In August 1980, the model and actress Dorothy Stratten (Mariel Hemingway) was shot dead by her estranged husband Paul Snider (Eric Roberts), who then turned the gun on himself. To understand why this crime occurred, or at least try to understand it, we must go back into the life of Paul and see what he was before he believed he made his wife the success she became, as he was to many of his associates' opinions a pimp, and if he wasn't then he certainly behaved like one. This meant he became involved with some shady characters, though his ideas for enhancing bar rooms with wet T-shirt contests nevertheless provided him with a source of income. But what he really wanted was to find a woman who he could truly make a star out of...
Director Bob Fosse might have thought his final movie was going to be the autobiographical All That Jazz judging by the way it appeared to put a full stop on his career, but it turned out he didn't actually die until 1987, and had one more film left in him. Star 80 was that film, and true to his usual preoccupations with showbusiness and death and how the two intersected, he chose the then-recent tragedy of 1980's Playmate of the Year Dorothy Stratten as his subject matter. It's a mark of how this was still a sore point with many that in writing the script he found he had to change names and events so as not to upset some of those involved, but he didn't change Hugh Hefner's name, and as a result the production was sued.
You couldn't observe that Hef was portrayed as badly as Snider, but then again it was prescient in the view that men are a big problem when it comes to women and how they treat them, especially in dividing fantasy concepts from real people. The movie's Hefner is a slick businessman, always dressed in silk pyjamas, and before long you twig that if Snider was a small time pimp and a loser in that unlovely realm, the Playboy empire was little but a multi-million dollar version of that desire to make money out of a male regard of female sexuality. There may well be those who read the magazine for the articles, but when we see Hefner personally choosing Dorothy as he has so many others, it's clear where his interest lies and this sheen of sophistication is all that separates him from the exploiters in the sex trade further down the ladder.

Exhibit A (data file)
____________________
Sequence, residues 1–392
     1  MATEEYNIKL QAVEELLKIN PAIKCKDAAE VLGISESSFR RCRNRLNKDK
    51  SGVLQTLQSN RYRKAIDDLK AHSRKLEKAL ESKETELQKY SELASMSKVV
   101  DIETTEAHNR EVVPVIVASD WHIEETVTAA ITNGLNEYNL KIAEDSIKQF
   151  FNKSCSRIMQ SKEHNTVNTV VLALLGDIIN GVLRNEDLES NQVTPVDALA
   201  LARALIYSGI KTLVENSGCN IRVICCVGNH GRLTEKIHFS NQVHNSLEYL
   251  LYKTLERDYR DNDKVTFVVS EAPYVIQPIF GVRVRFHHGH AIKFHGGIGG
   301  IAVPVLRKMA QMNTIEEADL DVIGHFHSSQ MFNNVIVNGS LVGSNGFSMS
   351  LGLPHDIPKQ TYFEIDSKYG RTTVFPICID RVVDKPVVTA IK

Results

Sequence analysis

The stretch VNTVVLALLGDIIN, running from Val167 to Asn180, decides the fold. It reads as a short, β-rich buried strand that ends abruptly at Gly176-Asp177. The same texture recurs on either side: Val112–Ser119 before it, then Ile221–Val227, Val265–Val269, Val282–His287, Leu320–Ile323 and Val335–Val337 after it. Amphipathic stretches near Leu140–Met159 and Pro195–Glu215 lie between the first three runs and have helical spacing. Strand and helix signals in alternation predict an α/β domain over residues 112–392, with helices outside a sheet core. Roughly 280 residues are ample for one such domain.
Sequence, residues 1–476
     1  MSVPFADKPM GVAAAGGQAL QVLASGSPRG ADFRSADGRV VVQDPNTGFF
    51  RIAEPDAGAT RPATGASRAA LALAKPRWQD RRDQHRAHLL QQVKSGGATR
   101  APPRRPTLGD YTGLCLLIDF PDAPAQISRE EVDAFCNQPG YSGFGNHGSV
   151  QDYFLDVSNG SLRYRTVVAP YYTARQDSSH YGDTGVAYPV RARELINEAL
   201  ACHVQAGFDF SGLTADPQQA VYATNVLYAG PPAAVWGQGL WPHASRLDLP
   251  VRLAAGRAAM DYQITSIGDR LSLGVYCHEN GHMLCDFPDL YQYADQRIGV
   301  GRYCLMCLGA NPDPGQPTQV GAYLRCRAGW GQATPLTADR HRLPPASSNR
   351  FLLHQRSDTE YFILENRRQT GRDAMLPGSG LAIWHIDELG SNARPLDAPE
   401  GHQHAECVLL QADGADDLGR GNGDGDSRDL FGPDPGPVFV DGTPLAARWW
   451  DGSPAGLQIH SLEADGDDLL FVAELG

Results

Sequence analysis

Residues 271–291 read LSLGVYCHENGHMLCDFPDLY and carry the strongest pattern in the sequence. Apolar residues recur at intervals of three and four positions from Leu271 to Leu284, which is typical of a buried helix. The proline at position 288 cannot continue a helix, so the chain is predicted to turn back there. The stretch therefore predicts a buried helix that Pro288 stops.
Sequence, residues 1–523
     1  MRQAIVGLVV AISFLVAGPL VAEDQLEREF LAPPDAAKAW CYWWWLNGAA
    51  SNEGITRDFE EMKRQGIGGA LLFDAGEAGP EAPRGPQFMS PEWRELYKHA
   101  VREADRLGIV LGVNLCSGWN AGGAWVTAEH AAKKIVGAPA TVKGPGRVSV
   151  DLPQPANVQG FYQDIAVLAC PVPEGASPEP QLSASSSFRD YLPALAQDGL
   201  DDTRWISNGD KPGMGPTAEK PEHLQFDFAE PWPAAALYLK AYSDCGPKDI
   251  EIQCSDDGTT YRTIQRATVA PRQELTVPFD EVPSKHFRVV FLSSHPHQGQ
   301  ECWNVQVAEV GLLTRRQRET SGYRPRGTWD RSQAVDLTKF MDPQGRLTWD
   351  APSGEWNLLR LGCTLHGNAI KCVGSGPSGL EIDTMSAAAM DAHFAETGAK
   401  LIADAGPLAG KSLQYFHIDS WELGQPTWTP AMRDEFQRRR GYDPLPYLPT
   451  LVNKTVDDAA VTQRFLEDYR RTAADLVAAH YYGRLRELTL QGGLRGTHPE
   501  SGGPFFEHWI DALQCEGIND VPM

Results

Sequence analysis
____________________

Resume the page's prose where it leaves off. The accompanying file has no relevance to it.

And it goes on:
Indeed, there's barely one man in Star 80 who would qualify as even slightly admirable, so Dorothy becomes an icon of every woman who has suffered trying to please males and wound up paying a heavy price for it somewhere down the line. Yet it was perhaps a mark of how male-dominated the view of her was that she wasn't the main character, in spite of Hemingway's top billing, as Fosse was patently more interested in Snider, a man he saw as a terrible warning of how he himself could have ended up should he not have had the opportunities in life that he did. Fosse was selling himself short as he genuinely had talent, whereas Snider was a lowlife set to get his success on the back of his naïve wife and unable to cope when that prosperity left him in the dust, but something about the man haunted the director.
Here was a film that had you concluding Andrea Dworkin had a very valid point, and that there was no reconciling between the sexes if one side wants something the other has to be humiliated to offer, so you would hope that was a view that was not reflected in the majority of relationships, be they romantic or simply platonic. Time and again Fosse returns to scenes of Dorothy as an innocent taken advantage of by those males, who are all more powerful than she is - whenever she tries to assert herself, it never goes well, ultimately leading to her murder. Hemingway was good, Cliff Robertson made a smooth but uneasy Hefner, Carroll Baker was convincing in her suspicion as the mother, but it was Eric Roberts' movie as far as the acting went, he owned the role of Paul Snider in a manner that made you worry for him that he was able to get under the skin of such an unpleasant, pathetic man. He was helped by excellent editing from Alan Heim and Fosse's harrowing vision that showbiz just wasn't worth it, but if ever there was a film you wanted a shower after, Star 80 was it. Music by Ralph Burns.